• Store the images in the filesystem
  • Do not bother to store the filename, just use the user id (or anything else that "you already know")
  • Put static data on a different server (even if you just use "static.yourdomain.com" as an alias to your normal server)

Why ?

The bigger your database gets the slower it will get. Storing your image in the database will increase your database size. Storing the filename will increase your database size.

Putting static data on a different server (alias):

  • Makes scaling up a lot easier
  • Most browsers will not send more than two requests to the same server, by putting static data on a "second" server you speed up the loading
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As everybody else told you, never store images in a database. A filesystem is used to store files -> images are files -> store them in filesystem :-)

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Just tested my img's as blob, so. This solution working slower than images on server as file. Loading time should be same with images from DB or http but is't. Why? Im sure, when images are files on server, browser can caching it and loading only once, first time. When image going form DB, every time is loaded again. That's my oppinion. Maybe Im wrong about browser caching, but working slower (blob). Sry my English, whatever ;P

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I know little about browser caching but I doubt that this is correct because there's no way for the browser to know where the image data comes from really. –  Jonathan Azulay May 16 '12 at 21:25
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These are the pros of both solutions

In BLOBS :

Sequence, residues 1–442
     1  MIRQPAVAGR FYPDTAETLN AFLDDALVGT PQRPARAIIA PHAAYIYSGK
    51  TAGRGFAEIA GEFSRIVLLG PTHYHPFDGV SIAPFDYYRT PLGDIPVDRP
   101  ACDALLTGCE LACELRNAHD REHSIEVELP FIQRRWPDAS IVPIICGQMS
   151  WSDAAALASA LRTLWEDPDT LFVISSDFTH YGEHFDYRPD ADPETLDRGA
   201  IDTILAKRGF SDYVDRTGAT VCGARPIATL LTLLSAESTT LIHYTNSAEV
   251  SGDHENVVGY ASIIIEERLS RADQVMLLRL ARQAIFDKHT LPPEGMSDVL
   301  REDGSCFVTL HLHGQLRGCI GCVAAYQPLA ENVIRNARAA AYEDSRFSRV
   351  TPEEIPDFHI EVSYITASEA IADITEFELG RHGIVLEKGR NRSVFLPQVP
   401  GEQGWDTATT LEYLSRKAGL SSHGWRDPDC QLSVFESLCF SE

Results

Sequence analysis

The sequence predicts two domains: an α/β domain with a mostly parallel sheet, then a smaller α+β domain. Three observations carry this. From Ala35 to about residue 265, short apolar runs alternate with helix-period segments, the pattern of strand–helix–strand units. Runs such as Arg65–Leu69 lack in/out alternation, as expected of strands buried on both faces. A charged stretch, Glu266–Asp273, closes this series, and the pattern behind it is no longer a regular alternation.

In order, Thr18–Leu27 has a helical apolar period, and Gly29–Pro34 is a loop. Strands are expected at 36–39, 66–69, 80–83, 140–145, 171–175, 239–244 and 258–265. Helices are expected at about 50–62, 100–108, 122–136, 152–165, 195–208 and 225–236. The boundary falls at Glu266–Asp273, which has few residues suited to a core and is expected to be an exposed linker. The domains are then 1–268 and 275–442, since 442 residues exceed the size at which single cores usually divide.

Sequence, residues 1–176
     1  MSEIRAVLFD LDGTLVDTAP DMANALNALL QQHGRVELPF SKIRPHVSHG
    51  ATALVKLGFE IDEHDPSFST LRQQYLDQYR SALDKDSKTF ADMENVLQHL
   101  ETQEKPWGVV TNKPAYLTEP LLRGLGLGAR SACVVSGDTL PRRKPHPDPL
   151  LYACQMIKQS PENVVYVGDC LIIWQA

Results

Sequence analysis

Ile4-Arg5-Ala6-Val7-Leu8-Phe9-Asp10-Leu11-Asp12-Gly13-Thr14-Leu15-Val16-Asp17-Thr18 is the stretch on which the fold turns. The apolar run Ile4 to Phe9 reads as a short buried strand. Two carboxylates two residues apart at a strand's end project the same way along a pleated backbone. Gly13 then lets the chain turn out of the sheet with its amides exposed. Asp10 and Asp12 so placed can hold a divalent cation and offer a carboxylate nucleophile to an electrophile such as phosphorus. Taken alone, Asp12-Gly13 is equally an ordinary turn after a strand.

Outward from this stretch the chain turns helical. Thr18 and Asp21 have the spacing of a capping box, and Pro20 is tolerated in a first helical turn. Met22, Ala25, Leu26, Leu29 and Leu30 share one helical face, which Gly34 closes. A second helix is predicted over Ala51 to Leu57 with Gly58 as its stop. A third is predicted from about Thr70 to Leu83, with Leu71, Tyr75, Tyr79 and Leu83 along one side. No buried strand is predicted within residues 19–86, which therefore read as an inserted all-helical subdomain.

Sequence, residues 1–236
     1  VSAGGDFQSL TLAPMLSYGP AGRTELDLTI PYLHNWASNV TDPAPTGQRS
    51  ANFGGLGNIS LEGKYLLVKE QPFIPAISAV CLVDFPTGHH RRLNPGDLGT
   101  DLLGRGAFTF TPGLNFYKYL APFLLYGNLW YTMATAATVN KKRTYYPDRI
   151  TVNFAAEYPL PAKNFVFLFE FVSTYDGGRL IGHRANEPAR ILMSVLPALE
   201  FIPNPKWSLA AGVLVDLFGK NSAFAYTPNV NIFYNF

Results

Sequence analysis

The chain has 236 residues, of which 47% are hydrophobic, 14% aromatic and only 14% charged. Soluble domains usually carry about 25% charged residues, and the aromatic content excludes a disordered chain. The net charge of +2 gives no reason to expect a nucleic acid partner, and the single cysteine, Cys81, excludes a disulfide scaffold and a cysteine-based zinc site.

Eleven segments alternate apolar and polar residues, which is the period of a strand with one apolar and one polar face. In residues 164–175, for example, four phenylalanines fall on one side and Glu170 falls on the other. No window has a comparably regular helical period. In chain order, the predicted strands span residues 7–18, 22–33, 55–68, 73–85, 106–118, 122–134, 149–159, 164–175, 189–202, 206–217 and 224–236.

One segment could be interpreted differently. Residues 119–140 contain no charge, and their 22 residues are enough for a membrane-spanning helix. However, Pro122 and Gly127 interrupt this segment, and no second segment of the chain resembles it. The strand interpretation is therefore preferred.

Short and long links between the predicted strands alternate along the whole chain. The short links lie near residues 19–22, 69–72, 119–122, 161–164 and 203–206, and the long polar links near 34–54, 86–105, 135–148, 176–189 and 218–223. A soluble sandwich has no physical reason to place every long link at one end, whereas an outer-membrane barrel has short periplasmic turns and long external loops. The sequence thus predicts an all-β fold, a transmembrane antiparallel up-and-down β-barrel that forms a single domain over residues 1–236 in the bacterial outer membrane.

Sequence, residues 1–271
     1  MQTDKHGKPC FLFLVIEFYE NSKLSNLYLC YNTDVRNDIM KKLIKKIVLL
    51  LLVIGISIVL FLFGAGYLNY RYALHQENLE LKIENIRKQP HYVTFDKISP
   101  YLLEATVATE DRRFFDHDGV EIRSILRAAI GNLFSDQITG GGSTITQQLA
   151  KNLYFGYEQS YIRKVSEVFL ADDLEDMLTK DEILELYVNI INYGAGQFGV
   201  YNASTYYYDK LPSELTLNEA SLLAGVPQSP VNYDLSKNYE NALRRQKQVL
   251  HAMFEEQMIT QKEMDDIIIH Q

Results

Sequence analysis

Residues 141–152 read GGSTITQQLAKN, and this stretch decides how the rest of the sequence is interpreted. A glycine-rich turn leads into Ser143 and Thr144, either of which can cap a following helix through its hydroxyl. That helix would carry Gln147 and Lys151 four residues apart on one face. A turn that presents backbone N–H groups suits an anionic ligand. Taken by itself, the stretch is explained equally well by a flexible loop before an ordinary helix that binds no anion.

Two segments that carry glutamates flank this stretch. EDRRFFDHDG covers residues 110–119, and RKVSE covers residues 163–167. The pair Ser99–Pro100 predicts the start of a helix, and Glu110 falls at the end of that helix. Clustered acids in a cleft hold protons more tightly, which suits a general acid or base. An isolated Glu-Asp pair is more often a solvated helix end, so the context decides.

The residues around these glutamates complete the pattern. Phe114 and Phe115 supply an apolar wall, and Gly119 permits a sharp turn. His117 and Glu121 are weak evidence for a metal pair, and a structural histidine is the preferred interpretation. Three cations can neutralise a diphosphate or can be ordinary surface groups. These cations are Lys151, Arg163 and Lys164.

1) pros : the easiness to mange clusters since you do not have to handle tricky points like file syncs between servers

2) DB backups will be exhaustive also

In files

1) Native caching handly (and that's the missing point of previous comments, with refresh and headers that you won't have to redesign in DB (DB are not handling last modification time by default)

2) Easiness of resizing later on

3) Easiness of moderation (just go through your folders to check if everything is correct)

For all these reasons and since the two pros of databases are easier to replicate on file system I strongly recommend files !

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After researching for days, I made a system storing images and binaries on the database.

It was just great. I have now 100% control over the files, like access control, image sizing (I don't scale the images dynamically, of course), statistics, backup and maintenance.

In my speed tests, the sistem is now 10x slower. However, it's still not in production and I will implement system cache and other optimizations.

Check this real example, still in development, on a SHARED host, using a MVC: http://www.gt8.com.br/salaodocalcado/calcados/meia-pata/

In this example, if a user is logged, he can see different images. All products images and others binaries are in DB, not cached, not in FS.

I have made some tests in a dedicated server and results were so far beyond the expectations.

So, in my personal opinion, although it needs a major effort to achieve it, storing images in DB is worth and the benefits are worth much more the cons.